So no, Song 5:16 does not mention Muhammad.

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  1. Julie M. Smith says:


    And why would you have a prophecy re a future prophet in the middle of erotic poetry?

  2. Muhammad is a passive D-stem (pi’el for you Hebrew folks) participle. Hebrew chet is equivalent to Arabic ha and cha (Jouon section 5k), so the root here is cognate to the Arabic root of Muhammad, though with slightly different semantics. It’s fairly common in Hebrew, such as Gen 2:9 “out of the ground made the LORD God to grow every tree that is *pleasant* to the sight”

    As for Cain, the people bearing his name are the Kenites (qyn in Hebrew) like… Moses father-in-law.

    Yeah, no Muhammad here.

  3. (I talked about the Cain/Canaan/Kenite in one of my my podcasts, which I’m compelled to plug… ) Muhammad didn’ make the cut though.

  4. One last thing- on the equivalent of the two letters, chet in Hebrew and ha in Arabic, think of the cognates chag “a festival” (hgg) and the hajj, “pilgrimage to Mecca” (hgg).

  5. Ben S: I’ll be a stickler and insist that the Arabic letters you reference are Ha and “Kha”, not “cha”, a far too Hebrew-influenced rendering in my opinion. But that’s admittedly a silly diversionary point.

    Kevin: Yes, I think you effectively take this silly point down on the meaning and otherwise. Granted, if I were a Muslim, it’s ambiguous enough I could take it as one of God’s subtle little signs, not unlike how Mormons interpret Jesus New Testament reference to other sheep for example (not a perfect comparison admittedly). But as an outside observer, there’s really nothing for it to stand on as you rightly point out. Another minor little linguistic difference: the Muslim prophet’s name has a shadda (doubling) over the miim in the middle of his name. A literal transliteration I might use would be “muHammad” I don’t know that much about Hebrew, but I’m presuming from your rendering above that there is no such doubling of the miim in the Hebrew machamaddim?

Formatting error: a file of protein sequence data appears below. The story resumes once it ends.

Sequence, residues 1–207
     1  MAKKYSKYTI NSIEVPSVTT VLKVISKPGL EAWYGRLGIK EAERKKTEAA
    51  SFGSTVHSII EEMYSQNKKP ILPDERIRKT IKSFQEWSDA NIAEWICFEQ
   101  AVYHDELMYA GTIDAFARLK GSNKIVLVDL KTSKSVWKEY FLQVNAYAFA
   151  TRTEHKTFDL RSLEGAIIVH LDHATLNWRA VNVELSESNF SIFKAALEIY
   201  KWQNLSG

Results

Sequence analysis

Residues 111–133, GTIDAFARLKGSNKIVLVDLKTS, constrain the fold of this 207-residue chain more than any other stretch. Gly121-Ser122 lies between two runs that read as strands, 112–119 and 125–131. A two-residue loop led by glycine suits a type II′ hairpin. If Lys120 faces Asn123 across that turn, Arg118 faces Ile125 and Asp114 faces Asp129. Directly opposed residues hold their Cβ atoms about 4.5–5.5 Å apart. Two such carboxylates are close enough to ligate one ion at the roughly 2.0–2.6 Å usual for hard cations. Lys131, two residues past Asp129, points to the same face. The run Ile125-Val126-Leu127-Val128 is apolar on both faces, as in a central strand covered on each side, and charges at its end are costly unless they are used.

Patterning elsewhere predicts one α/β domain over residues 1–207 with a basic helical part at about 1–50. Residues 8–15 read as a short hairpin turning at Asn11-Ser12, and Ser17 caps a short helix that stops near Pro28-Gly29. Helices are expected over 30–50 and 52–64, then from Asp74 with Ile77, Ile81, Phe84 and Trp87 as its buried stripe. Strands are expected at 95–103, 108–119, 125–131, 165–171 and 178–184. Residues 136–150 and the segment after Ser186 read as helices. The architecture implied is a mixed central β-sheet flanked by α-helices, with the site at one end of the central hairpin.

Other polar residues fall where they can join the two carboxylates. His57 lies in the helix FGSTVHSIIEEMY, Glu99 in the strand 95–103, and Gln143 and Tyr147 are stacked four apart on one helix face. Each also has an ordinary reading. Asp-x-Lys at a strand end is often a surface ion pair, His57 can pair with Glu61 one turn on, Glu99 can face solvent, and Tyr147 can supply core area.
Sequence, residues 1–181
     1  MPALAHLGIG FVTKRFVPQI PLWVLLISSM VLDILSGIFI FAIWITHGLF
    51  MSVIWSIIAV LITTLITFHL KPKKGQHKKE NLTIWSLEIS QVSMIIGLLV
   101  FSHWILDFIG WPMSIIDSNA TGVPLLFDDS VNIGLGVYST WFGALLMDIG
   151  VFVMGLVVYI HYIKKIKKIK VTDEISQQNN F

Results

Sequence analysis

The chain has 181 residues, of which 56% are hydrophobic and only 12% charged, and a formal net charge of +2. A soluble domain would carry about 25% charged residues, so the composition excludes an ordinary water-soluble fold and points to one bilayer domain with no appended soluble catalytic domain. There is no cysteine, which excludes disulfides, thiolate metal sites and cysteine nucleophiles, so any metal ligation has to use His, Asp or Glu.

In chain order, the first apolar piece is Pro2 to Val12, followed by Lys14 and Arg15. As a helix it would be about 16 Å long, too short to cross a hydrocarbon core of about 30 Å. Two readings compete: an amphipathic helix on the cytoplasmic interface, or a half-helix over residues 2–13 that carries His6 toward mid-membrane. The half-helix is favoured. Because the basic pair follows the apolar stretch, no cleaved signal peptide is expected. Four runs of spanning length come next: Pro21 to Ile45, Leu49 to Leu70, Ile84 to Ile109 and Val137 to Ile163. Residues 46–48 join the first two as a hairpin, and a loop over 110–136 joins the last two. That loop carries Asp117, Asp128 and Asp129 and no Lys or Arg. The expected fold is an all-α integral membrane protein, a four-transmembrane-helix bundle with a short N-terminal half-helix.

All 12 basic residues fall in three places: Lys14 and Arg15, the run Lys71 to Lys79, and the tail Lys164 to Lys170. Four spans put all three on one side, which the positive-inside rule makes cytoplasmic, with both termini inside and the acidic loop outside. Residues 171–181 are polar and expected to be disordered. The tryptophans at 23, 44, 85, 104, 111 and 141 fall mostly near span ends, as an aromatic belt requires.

6. Kevin Barney says:

    Julie, that was sort of the tack I took in my initial response, that when you read the entire chapter in context as an erotic love poem, sticking a reference to Muhammad in v. 16 doesn’t make any sense.

    Thanks, Ben, I was hoping you’d come by and clarify whether it was the same root. I suspected that it was, but never having actually studied Arabic I wasn’t sure.

    Right, NAA, the m is not doubled (with a dagesh) in the Hebrew spelling. And I have no objection if someone wants to read it in a sort of kabbalistic way as a little sign God stuck into the scripture, as long as people don’t try to make that the primary contextual reading.

  7. Hello, everyone, I’m the one that asked Kevin this question. Thank you for this blog post, Kevin! I am now convinced.

  8. Kevin Barney says:

    Glad I could be of help, Lowell!

  9. Kevin Barney, I’m glad there are people in the world as smart and cool as you.

  10. I have learned more (or less?) about Song in the past week or so than in the rest of my life combined. Thanks for this, Kevin. (and Kurt/TT/Jupiterschild/etc…)

  11. Hello Kevin,

    I concur with your assessment of SofS 5:16; however, I am pretty much convinced that the Bible does predict the rise of Islam and Muhammad. One of many OT passages that suggests this is Is. 63:1-7—I elaborate a bit on this passage in THIS THREAD.

    Grace and peace,


  12. On my mission we met a Muslim who started to Bible bash. He read us few different “prophecies of Muhammad.” Some of them were weird, based on some names of the places I have no idea where they are/what they mean. Some of them where kind of clever. Like:
    “I will raise them up a Prophet from among their brethren, like unto thee, and will put my words in his mouth; and he shall speak unto them all that I shall command him. ” (Deut. 18:18)
    This can’t be about Christ, because Christ wasn’t like Moses, he had no father (as I understand, that’s how it is in Islam). And notice “among their brethren”, arabs are the brothers of jews.
    Later we re-read all the scriptures he quoted, they were prophesies of Christ, some of them could be interpreted to be about Joseph Smith.